I hope this helps (this is the most i've ever written on a post before :D )

Sfifer

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I actually started with an electric guitar, but I really, really want to get a nice acoustic.

And actually, I still only have the same entry-level electric guitar I started with six years ago. I should do something about that too...

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I am an organism, an animal, a creature, I am a beast.

~ Becoming the Archetype

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its not easier to start out with an acutic guitar but in the long run it would benifit you greatly if you chose to buy an electric guitar in the future.

The only troubles i can thinnk of would be the feaaling of the guitar being unfamiliar. other than i can tthink of anymore at the moment if i think of anymore ill post them :D

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My first two guitars were home made. Me and my dad made the body and grabbed the neck off a broken acoustic, then got some old pickups and wired the whole thing up. My first was a gold flying V type shape, second was a black mini strat type shape. Now i have a red SG look alike from ALDI (i dont know if they have those in america, there like....wall mart but cheaper. I think thats right.) It's used be good, but now its super bloody potato. I use my dads ancient Strat from the 1980's which sounds great. The original sunburst colour aswell.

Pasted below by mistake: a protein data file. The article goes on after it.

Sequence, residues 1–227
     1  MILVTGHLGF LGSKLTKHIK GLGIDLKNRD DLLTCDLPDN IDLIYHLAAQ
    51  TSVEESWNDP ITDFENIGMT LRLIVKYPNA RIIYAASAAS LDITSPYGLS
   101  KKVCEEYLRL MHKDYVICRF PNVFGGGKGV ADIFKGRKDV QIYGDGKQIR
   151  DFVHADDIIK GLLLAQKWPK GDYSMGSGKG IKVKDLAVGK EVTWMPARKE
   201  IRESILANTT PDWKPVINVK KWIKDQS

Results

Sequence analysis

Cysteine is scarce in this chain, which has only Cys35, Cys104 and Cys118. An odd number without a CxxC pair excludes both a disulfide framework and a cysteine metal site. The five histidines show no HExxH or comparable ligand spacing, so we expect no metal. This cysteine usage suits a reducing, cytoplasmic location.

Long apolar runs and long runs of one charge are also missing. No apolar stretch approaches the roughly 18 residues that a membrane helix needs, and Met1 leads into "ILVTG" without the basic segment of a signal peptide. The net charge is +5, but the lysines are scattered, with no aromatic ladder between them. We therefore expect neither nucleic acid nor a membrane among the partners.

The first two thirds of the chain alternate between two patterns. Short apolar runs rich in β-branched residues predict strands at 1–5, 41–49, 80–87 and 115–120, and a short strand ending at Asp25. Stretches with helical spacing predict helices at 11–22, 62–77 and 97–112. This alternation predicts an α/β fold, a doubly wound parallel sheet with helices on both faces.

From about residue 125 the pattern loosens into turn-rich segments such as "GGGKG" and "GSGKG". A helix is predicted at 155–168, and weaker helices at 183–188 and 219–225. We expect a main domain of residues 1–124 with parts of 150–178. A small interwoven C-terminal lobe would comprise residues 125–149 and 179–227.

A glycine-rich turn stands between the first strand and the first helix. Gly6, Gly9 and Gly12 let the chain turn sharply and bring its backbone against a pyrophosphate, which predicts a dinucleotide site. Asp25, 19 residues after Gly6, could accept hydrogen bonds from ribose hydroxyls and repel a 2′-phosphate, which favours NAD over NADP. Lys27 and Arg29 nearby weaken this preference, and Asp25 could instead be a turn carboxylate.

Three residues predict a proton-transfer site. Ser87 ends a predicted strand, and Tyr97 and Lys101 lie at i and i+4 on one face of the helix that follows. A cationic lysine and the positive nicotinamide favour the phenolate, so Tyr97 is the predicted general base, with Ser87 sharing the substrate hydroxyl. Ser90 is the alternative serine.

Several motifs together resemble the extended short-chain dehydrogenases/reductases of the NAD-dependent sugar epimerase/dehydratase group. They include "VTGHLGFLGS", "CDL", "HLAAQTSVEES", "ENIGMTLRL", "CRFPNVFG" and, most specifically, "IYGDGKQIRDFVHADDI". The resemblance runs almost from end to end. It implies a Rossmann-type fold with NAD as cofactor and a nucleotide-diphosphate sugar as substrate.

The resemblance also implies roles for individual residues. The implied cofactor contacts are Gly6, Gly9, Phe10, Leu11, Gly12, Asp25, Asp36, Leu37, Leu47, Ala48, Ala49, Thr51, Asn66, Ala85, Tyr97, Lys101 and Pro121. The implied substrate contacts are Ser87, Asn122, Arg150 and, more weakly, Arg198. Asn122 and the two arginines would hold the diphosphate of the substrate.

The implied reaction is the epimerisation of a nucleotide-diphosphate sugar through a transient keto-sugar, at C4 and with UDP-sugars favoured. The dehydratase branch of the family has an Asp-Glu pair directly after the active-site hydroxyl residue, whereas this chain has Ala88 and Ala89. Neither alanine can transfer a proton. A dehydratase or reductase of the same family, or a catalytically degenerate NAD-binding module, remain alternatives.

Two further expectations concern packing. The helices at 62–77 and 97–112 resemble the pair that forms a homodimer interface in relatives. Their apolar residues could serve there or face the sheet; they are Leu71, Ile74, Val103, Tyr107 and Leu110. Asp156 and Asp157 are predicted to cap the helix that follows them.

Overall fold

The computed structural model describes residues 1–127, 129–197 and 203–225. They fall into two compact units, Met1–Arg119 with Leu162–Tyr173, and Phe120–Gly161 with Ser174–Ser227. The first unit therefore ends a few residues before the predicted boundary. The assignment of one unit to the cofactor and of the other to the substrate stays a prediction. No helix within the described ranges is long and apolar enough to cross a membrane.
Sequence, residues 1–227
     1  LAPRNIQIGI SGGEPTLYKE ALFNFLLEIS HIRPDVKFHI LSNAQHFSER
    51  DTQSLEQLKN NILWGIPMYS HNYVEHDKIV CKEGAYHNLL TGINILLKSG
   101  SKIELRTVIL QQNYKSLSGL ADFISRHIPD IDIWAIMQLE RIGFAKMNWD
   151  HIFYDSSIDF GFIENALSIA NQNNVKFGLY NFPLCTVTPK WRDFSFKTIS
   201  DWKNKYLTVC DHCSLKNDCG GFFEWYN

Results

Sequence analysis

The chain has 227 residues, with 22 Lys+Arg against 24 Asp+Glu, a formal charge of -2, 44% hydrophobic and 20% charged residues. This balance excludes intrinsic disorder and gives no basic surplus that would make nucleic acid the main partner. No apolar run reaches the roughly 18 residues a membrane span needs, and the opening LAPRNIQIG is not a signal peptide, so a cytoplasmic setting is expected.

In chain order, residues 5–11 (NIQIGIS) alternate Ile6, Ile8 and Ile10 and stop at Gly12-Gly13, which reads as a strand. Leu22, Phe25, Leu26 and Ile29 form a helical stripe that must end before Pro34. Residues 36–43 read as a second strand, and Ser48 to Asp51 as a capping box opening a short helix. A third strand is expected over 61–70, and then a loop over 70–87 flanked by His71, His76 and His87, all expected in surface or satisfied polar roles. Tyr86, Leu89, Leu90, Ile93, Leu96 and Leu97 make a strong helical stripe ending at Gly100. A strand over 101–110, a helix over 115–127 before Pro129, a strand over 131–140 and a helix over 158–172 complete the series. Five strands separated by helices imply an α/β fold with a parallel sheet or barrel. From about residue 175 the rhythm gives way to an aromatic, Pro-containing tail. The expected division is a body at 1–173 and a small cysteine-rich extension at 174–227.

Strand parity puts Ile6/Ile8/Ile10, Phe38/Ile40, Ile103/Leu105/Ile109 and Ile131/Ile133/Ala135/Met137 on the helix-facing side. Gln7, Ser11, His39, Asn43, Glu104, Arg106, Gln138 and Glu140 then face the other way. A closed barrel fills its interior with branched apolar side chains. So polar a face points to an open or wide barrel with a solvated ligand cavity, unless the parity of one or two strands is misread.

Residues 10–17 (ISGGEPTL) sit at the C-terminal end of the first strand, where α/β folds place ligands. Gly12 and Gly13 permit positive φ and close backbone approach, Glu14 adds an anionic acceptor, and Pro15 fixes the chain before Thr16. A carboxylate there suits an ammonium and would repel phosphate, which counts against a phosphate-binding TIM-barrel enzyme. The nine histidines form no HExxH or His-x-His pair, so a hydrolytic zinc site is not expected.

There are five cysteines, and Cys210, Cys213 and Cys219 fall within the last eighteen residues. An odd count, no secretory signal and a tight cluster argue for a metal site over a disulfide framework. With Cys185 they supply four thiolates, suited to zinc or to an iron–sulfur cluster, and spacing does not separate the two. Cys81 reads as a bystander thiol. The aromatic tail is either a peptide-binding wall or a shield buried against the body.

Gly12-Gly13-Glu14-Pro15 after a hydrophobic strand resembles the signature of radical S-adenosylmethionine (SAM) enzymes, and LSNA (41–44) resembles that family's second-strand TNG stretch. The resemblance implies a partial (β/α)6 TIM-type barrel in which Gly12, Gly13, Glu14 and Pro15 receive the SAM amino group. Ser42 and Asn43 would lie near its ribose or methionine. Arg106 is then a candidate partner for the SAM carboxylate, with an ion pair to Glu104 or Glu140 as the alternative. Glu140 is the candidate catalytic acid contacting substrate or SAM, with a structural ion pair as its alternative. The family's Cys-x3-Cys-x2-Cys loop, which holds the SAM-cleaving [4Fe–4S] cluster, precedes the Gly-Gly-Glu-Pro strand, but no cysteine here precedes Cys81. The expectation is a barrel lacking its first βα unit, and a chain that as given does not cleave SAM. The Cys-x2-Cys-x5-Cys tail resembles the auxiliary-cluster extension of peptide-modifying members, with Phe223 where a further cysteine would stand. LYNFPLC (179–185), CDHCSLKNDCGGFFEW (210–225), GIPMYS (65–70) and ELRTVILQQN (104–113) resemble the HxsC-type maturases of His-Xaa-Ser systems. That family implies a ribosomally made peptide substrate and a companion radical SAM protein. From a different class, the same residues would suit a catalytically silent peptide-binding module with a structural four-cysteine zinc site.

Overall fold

All in all, i started off with an electric, and i have trouble playing an acoustic for extended periods of time (45mins -1 hour). I dont know whether you should start with an acoustic or an electric. For an electric, you need way more control when its plugged in. On an acoustic, you still need control but not as much, so maing the switch to electric might takes some getting used to. I wot tell you what you should do i'm just throwing some advice out :D

P.S. If your planning to play guitar in a family room, get an electric and DONT plug it in. The best time to practice is during an ad break.

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Wow, thats a real sweat guitar... so, if my intention was to play electric in the end would it maybe be best to learn with a cheap electric first? I've seen a telecaster-style for £45, wich is pretty damn good.

Also there's this guitar was looking at, which it looks beautiful. But it says it's 3/4 size, what exactly does that mean, is it a mini guitar or what?

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I dunno, is a 3/4 guitar still a decent size?

Unless you are 10yrs old (or less) or have super tiny hands, I wouldn't waste your time with a 3/4 sized guitar.